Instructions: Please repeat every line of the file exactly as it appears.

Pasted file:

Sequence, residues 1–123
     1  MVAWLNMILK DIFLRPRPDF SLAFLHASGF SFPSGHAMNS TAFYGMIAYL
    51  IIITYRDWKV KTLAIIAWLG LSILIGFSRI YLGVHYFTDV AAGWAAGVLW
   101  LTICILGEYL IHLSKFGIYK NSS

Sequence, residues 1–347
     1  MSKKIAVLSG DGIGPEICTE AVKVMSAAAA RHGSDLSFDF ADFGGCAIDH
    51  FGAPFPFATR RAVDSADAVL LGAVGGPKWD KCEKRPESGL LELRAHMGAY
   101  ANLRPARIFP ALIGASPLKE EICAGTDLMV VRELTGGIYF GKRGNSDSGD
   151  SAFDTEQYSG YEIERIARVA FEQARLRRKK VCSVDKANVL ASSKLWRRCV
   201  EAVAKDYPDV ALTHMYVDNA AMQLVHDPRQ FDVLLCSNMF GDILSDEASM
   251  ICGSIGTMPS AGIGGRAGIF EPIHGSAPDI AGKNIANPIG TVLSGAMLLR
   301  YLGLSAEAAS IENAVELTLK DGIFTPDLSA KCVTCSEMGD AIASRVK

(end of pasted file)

Sequence, residues 1–123
     1  MVAWLNMILK DIFLRPRPDF SLAFLHASGF SFPSGHAMNS TAFYGMIAYL
    51  IIITYRDWKV KTLAIIAWLG LSILIGFSRI YLGVHYFTDV AAGWAAGVLW
   101  LTICILGEYL IHLSKFGIYK NSS

Sequence, residues 1–347
     1  MSKKIAVLSG DGIGPEICTE AVKVMSAAAA RHGSDLSFDF ADFGGCAIDH
    51  FGAPFPFATR RAVDSADAVL LGAVGGPKWD KCEKRPESGL LELRAHMGAY
   101  ANLRPARIFP ALIGASPLKE EICAGTDLMV VRELTGGIYF GKRGNSDSGD
   151  SAFDTEQYSG YEIERIARVA FEQARLRRKK VCSVDKANVL ASSKLWRRCV
   201  EAVAKDYPDV ALTHMYVDNA AMQLVHDPRQ FDVLLCSNMF GDILSDEASM
   251  ICGSIGTMPS AGIGGRAGIF EPIHGSAPDI AGKNIANPIG TVLSGAMLLR
   301  YLGLSAEAAS IENAVELTLK DGIFTPDLSA KCVTCSEMGD AIASRVK